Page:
OFJ Field Journal from Lou D'Amario  12/1/95
Today I got to work at 6:00 AM, but I wasn't the first one in. Our orbit
determination specialists were already hard at work generating a new trajectory
that includes the latest tracking data. Our maneuver design and trajectory
analysis experts were eagerly awaiting the new trajectory so that they could
get to work on the maneuver design. We had five hours in which to do all
the work required to calculate the desired velocity change for TCM28A before
passing on the information to the Orbiter Engineering Team. No problem 
by noon, we were presenting arguments for and against doing TCM28A at the
Maneuver Design Status meeting.
But first, some background. The new strategy for designing OTM1 allows
us to move the Ganymede 1 flyby date earlier (in one week increments).
This allows us to minimize the OTM1 velocity change (and propellant consumption)
in some situations  namely, when the time it takes for Galileo to orbit
around Jupiter after JOI is longer, or higher, than expected. So, if the
spacecraft has a higher "orbit period" than was initially planned, we
have a straightforward way in which to save considerable propellant.
Does this work the other way? If the orbit period is shorter than expected,
or "low," can we move the Ganymede 1 flyby date later to conserve propellant?
Unfortunately, no, since that would require flying closer to Ganymede
than is safe. So we want to avoid errors that will result in a low period,
but we can deal effectively with high period errors. Now back to the TCM28A
meeting.
The situation was as follows: If we don't do TCM28A, that leaves the
trajectory with a slightly high period (by about 3.5 days), a result of
the predicted Io flyby altitude now being about 60 kilometers low. If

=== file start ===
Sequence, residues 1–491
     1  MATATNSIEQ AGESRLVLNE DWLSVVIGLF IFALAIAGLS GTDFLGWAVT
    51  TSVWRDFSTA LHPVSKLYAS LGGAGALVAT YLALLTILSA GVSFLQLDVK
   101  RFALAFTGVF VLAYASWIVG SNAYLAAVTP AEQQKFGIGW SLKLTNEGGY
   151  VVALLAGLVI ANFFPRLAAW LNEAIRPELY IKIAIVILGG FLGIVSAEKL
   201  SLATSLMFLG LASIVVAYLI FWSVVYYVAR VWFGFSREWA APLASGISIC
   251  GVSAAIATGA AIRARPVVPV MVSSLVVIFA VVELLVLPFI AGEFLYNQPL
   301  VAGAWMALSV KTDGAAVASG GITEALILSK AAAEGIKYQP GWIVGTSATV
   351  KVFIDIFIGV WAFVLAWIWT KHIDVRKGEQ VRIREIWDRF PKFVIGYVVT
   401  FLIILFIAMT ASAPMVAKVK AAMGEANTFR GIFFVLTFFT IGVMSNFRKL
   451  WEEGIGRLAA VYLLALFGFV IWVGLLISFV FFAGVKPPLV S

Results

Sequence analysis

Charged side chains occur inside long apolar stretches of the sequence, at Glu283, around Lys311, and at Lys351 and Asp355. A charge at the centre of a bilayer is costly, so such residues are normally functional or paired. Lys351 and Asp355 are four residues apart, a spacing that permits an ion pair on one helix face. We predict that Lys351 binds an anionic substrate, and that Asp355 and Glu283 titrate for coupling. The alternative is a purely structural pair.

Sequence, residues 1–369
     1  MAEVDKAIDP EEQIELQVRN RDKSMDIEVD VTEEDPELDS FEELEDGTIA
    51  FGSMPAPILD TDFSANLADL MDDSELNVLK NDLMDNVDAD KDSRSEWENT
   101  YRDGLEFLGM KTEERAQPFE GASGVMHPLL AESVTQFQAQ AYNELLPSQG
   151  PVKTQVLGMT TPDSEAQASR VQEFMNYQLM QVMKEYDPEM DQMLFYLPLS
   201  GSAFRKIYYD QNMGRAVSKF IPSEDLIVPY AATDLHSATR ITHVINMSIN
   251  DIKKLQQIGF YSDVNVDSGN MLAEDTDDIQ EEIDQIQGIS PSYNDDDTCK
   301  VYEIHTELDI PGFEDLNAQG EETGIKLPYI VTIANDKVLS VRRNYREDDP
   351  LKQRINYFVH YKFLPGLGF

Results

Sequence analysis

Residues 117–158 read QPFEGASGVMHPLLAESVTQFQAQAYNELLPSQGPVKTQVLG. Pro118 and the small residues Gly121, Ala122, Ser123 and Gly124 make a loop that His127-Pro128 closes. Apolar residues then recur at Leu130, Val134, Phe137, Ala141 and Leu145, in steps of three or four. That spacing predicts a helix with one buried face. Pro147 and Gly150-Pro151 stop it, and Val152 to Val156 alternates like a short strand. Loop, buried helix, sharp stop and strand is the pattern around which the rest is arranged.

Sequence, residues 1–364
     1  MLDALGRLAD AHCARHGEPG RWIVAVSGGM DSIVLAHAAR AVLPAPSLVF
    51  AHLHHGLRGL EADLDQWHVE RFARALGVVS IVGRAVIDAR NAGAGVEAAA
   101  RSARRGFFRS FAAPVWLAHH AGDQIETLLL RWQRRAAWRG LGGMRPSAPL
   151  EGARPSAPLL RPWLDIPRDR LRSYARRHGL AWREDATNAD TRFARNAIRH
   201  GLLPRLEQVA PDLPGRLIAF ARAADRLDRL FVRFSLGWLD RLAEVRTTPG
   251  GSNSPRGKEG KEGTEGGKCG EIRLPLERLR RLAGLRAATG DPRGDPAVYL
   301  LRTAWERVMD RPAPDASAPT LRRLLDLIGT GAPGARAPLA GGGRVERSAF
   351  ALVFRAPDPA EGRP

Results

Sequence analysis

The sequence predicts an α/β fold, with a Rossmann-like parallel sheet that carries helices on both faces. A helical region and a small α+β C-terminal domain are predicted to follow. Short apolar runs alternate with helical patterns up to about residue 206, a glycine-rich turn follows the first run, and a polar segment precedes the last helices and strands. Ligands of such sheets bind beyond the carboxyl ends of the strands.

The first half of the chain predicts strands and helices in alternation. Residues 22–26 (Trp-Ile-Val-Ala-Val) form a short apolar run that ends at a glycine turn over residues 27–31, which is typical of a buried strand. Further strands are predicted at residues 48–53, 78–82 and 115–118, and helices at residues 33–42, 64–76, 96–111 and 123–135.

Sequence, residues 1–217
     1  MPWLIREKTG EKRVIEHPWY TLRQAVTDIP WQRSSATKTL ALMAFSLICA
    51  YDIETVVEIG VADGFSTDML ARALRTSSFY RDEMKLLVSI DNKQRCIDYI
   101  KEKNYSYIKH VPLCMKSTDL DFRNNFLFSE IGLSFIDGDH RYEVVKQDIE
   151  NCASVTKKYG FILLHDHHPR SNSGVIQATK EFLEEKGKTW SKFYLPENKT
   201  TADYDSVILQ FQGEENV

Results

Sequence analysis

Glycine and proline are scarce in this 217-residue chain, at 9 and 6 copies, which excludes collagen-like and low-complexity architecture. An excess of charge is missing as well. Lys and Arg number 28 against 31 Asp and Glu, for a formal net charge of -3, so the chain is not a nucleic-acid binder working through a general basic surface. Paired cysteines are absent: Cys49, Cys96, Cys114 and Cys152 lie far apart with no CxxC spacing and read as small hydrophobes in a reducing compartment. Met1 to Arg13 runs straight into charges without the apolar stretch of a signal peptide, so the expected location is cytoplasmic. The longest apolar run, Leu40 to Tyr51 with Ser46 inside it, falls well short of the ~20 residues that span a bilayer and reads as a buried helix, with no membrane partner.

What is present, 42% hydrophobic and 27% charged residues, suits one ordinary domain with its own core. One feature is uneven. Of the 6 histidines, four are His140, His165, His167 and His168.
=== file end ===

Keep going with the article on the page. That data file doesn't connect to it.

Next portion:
we do TCM28A, then we will get rid of this period error, and move the
trajectory toward the "low period" cases  precisely the situation we
want to avoid. The Navigation Team recommended that TCM28A be canceled
so that the trajectory would have a slight "bias" toward a low period.
Of course, the orbit determination results can (and will) change as we
get closer to Io, and the JOI burn may underperform (moving the period
lower) or overperform (moving the period higher). After considerable discussion,
the Project agreed with our recommendation, and TCM28A was canceled.
(The new OTM1 strategy was made official today; the Project Manager issued
a memo declaring that the Ganymede 1 date should be moved to minimize
the propellant required for OTM1.)
With the cancellation of TCM28A, that makes three maneuvers in a row
that have been canceled. In many jobs, having an upcoming work activity
get canceled would be regarded as a failure. For us, it means that we're
doing our jobs right. It has been possible to cancel these maneuvers because
of a combination of factors: excellent navigation (smart, hard working
navigators :), the new strategy for OTM1 (more navigation ingenuity
 what can I say, I work with a group of smart people), the removal of
any science requirements on the Io flyby (since we don't have to worry
about camera pointing angles, this allows us to leave the ever present
"too far South" error uncorrected), and, finally, a little bit of luck.
The next big event is the JOI "Tweak" which starts next Monday afternoon
(three days before the Io flyby). Even though TCM28A was canceled (it
would have been done on Saturday), the Navigation Team will be working
this weekend to update the trajectory predictions as more tracking data
comes in and to practice the design of OTM1.